Data from the Public Health Institute of Malawi (Phim) shows that coronavirus deaths in the country have gone down in the past seven days, raising hope that the country can win the fight against the pandemic.
In a report covering August 9 to 15, Phim says Malawi registered 14 new deaths, representing two less than the seven-day period between July 5 and 11 when the country recorded 16 Covid-19-related deaths.
During the recent review period (August 9 to 15), Phim also reported that the country registered 402 new coronavirus cases. The report said this was the lowest number since the period between June 28 and July 4.
Between July 5 and 11, Malawi registered 16 deaths and 648 new cases while during the period between July 12 and 18, Covid-19 deaths stood at 26 while 646 new cases were recorded.
During the period between July 26 and August 1 Covid-19 deaths started to decrease as the country registered 26 new deaths with 624 new cases, then 23 deaths and 438 new cases between August 2 and 8 and last week’s 14 deaths and 402 new cases.
From June 28 to August 8 2020, the country registered 130 deaths, an average of about 22 coronavirus-related deaths weekly. The period also recorded 3 613 new Covid-19 cases, an average of 602 new cases per week and 2 055 new recoveries, representing an average of 343 recoveries per week.
In an interview last week, epidemiologist Titus Divala observed that everyone wants to see a downward trend as it would signal the end of the worst.
But he said before making such conclusions, people should ensure accurate reporting of deaths and cases.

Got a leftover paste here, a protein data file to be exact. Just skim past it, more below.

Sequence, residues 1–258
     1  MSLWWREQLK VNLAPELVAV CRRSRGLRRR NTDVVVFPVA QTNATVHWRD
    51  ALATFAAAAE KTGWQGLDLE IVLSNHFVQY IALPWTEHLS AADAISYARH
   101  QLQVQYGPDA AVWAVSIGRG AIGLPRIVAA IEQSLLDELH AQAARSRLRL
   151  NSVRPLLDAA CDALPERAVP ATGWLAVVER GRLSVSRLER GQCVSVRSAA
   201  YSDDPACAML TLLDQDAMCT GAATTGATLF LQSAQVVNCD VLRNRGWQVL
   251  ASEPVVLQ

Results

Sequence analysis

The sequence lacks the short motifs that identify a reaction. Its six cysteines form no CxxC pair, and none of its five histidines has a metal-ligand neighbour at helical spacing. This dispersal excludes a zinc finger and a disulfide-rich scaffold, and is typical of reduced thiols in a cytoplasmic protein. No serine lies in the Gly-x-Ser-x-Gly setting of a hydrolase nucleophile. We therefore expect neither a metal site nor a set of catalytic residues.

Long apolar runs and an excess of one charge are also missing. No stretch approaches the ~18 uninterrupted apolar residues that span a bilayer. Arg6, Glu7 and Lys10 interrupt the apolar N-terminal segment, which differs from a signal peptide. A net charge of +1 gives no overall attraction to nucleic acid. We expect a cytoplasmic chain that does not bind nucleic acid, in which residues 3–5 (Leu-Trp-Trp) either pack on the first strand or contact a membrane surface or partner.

Said Divala: “Accurate reporting of deaths requires a system that collects deaths from those who die already confirmed Covid-19 positive and testing those who die with symptoms resembling the disease or if resources allow, every death.
“We have not been testing as many people as we used to before and in the process, we may have missed some cases that progressed to die.”
The medical doctor observed that at the start of the epidemic in the country, cases were concentrated in urban areas, but were now spread to rural areas where testing and reporting of deaths was already a challenge. He feared that some people could be dying of coronavirus without being tested.
Said Divala: “Just to add context and importance, in Malawi, 80 percent of deaths happen in the community, not at the hospital.
“Ascertaining involvement of Covid-19 in these deaths may require two difficult things: Reporting to the health system that a death has occurred and the health system quickly mobilising and getting to the village to examine the body before burial.”
In a separate interview, health rights activist George Jobe, who is executive director of Malawi Health Equity Network, said the downward trend in recorded Covid-19-related deaths raised hope that Malawi can win the fight against the global pandemic.
He attributed the decline to efforts put in place by both government and the private sector to prevent the further spread of the pandemic.
Jobe said he believed the spread of the pandemic was being contained slowly, not only in Malawi but in the region as a whole with 98 percent of Malawians who returned from South Africa last week testing negative.
He said: “At Nalikule TTC [teacher training college], only one out of 86 tested positive, three out of 153 returnees tested positive at Domasi TTC and only five out of 188 tested at Machinga TTC were positive.”
In a separate interview, one of the people who have recovered from Covid-19, Luke Chimwaza, said he believed that the number of coronavirus-related deaths was declining because people have now accepted that Covid-19 is real and are no longer stigmatised because of the pandemic.
Chimwaza, who is a journalist at Radio Maria, said most Covid-19 patients were now following coronavirus preventive measures and advice from health personnel.